Posted by: Kathy | June 22, 2011

Mom Is Gone…Accepting Reality

It’s been a little while since I last blogged. Lately, my focus has been on my daughter, as her 5th birthday is approaching and she is having her first friends-only birthday party on Saturday. This is an exciting time for my daughter – graduating from preschool and celebrating her 5th birthday. Both are occasions my mom would have loved to celebrate with my daughter and with her family.

Accepting that my mom is really gone has been hard for me. My mind knows it, but my heart is having trouble accepting this fact. More than two and a half years have passed since I lost my mom to pancreatic cancer. Nothing that has happened to me in the past 42 years has changed my life more than this. Her diagnosis of pancreatic cancer filled me with fear and uncertainty, although I tried to hold on to hope. Even though I knew her chances of beating pancreatic cancer were slim, I was still completely unprepared for my mom’s death and the range of emotions that followed. I often fear that I will face the same fate as my mom, something I’ve never shared before. I have spent the last few years sorting through grief, sadness, anger, guilt, fear, and loneliness. But what I feel the most is emptiness, as no one can fill the place my mom held in my life.

Everyone grieves in their own way and on their own timeline. “Getting over” my mom’s death has been a slow process and, honestly, I don’t think I’ll ever completely get over her loss. Although dying was the only way to bring my mom relief from the pain of pancreatic cancer, her death left a huge hole in my life. I miss talking to my mom, hearing her voice, and spending time with her. I’m sad because of all she is missing in the kids’ lives, and I know they miss her too. Although my daughter doesn’t quite understand what she is missing without my mom in her life, my son knows and I’m sure feels the loss, but he won’t talk about it.

Changes happen every day, and I have to keep moving forward in life to survive. It’s what my mom would have wanted. But sometimes changes are hard. In previous posts, I’ve written about how I’d stand in my mom’s closet because it smelled like her, and that had been a strong reminder for me. But as I wrote in a more recent post, this reminder is now gone for me. I’m writing a book about my mom and about healing after her death, so the memories of her are strong right now, as sometimes the littlest of things that meant so much pop into my mind.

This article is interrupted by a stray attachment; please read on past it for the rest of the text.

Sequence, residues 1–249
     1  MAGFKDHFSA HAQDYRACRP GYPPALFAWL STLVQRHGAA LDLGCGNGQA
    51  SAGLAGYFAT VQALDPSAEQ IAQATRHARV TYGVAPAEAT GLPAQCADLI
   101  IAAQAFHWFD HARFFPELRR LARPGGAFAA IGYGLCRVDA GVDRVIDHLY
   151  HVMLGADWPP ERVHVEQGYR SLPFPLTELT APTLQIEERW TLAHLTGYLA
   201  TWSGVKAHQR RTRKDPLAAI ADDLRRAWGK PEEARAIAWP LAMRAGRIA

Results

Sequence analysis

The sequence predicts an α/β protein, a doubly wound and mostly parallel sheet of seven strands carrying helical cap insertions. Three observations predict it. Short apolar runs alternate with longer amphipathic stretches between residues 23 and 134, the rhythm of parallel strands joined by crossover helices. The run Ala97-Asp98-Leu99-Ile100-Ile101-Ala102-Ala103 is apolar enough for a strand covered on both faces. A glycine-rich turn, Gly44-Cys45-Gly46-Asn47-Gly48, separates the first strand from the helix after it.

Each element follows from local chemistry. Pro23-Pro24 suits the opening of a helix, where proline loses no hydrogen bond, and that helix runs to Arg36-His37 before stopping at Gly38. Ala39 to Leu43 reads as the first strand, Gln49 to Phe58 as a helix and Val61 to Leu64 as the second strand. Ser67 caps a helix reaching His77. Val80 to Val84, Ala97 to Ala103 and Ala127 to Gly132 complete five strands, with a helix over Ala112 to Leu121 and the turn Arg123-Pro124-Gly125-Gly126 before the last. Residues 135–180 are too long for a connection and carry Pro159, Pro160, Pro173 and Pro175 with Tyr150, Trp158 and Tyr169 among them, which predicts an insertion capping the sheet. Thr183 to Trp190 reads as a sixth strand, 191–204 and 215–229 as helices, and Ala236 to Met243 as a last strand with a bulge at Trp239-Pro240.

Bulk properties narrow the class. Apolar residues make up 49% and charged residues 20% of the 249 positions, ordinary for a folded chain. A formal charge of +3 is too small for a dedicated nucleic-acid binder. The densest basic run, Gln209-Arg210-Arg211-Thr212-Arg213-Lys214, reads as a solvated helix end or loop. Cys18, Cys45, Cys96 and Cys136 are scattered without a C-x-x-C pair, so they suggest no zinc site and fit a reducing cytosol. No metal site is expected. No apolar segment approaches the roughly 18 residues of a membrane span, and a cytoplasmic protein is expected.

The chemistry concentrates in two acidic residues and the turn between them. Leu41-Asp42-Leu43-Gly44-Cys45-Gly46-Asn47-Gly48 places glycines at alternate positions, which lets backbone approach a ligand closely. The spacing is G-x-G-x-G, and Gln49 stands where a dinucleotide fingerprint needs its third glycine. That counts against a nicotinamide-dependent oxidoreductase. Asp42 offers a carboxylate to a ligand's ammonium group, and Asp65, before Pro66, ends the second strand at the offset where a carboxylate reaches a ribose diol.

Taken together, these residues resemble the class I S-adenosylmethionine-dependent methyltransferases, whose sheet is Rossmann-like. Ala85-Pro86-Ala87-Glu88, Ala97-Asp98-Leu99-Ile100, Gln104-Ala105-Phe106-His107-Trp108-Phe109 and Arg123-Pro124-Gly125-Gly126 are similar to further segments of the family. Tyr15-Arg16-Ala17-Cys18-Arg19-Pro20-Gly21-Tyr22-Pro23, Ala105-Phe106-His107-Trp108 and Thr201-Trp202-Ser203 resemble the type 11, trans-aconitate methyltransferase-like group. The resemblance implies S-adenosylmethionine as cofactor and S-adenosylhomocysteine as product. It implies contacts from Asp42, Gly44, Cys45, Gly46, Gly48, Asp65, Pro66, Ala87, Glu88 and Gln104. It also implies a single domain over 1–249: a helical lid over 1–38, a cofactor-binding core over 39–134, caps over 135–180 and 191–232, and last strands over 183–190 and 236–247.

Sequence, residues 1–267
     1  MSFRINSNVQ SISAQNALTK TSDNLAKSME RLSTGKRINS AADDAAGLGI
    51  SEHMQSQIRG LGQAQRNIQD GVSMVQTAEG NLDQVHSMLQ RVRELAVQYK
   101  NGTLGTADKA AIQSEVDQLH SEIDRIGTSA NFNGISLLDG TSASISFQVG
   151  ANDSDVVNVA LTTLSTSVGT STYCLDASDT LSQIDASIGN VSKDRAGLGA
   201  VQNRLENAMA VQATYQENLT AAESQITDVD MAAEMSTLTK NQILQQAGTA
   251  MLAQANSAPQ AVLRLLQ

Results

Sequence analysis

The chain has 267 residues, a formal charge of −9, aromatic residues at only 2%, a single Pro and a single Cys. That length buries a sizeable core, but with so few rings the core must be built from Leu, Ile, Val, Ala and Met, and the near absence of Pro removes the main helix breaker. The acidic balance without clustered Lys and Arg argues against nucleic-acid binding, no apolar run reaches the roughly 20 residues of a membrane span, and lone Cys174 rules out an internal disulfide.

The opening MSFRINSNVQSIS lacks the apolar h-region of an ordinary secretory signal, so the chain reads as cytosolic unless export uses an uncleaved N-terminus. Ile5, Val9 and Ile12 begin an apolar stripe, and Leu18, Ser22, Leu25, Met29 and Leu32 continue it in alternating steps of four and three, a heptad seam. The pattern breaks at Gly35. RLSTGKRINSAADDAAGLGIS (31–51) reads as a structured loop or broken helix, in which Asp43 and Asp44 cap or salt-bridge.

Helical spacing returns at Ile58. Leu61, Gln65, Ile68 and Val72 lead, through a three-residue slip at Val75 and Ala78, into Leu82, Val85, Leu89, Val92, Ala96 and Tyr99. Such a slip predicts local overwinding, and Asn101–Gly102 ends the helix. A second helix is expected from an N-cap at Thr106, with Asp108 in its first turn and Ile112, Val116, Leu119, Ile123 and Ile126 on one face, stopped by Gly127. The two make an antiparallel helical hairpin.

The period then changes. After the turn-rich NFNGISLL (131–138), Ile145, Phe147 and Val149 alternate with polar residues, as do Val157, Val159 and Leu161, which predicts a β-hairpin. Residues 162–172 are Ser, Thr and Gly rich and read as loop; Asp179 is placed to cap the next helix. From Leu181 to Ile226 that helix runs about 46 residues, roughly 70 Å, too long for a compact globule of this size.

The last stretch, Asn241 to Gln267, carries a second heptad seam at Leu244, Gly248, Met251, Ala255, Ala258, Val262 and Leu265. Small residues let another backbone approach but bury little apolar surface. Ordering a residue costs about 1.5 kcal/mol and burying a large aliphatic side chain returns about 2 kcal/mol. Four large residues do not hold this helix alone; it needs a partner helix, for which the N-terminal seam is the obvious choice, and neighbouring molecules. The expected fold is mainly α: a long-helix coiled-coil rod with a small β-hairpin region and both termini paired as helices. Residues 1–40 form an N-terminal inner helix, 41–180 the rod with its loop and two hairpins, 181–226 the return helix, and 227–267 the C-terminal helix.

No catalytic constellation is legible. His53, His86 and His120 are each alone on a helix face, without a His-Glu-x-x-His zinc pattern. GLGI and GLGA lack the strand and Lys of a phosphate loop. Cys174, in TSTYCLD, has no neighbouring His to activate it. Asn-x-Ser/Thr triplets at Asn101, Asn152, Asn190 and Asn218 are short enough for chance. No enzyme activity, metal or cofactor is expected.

I hold many memories of my mom in my heart and mind, and I share these memories with my children. They are really the only ones I can talk to about my mom. I feel that at this point there may not be many people who want to talk about my mom for different reasons. Mostly, they have moved on from her death and don’t want to feel the pain, deal with the loss all over again, or remember what pancreatic cancer had reduced her to at the end. But I made a promise to my mom that I would keep her memory alive for my kids and it is a promise I intend to keep…always.

I don’t know where I am going with this post, except that I still miss my mom and I don’t think any amount of time will change this fact. I believe there are people out there who feel the same way I do. I understand that I have to accept that fact that she is gone and continue to move forward with my life, as others around me have done. I realize that this post may be a “re-hash” of points from many other posts thrown together. For those of you who read my blog regularly, I apologize. It’s what I’m feeling at the moment, maybe because working on this book is bringing back so many memories and feelings.

I still think about my mom every day and wish that she was still with us. I hold tight to the quote that I’ve used in several of my posts by Thomas Campbell, “To live in hearts we leave behind is not to die.” I believe my mom was at my daughter’s graduation, watching her dance and sharing in her happiness. I believe my mom will also be celebrating with her granddaughter this weekend during her birthday party and when she turns 5 years old next Monday. I so wish my mom could really participate in these events and share in the excitement of this time, and that my daughter could touch my mom, hug her, tell her grandmom how much she loves her, and ramble on to my mom about everything.